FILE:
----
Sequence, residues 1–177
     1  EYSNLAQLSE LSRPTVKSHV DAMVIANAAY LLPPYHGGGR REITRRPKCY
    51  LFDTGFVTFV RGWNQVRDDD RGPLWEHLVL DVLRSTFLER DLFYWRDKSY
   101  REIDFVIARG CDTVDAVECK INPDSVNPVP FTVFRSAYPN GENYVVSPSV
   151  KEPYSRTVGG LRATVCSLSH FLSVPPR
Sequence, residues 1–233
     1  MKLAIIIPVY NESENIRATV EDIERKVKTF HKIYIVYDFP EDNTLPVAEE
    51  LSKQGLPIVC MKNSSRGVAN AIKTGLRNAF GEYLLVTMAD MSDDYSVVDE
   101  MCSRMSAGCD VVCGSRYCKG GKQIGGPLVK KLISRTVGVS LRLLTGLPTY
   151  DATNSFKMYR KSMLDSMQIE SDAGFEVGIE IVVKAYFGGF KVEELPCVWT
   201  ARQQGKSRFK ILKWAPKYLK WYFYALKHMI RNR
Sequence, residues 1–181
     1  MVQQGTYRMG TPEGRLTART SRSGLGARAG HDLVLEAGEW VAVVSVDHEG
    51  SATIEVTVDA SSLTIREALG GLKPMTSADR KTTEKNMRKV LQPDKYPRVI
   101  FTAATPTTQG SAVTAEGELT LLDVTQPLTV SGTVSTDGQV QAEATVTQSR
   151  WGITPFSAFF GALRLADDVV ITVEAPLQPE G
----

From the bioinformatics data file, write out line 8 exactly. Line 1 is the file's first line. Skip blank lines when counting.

    51  LSKQGLPIVC MKNSSRGVAN AIKTGLRNAF GEYLLVTMAD MSDDYSVVDE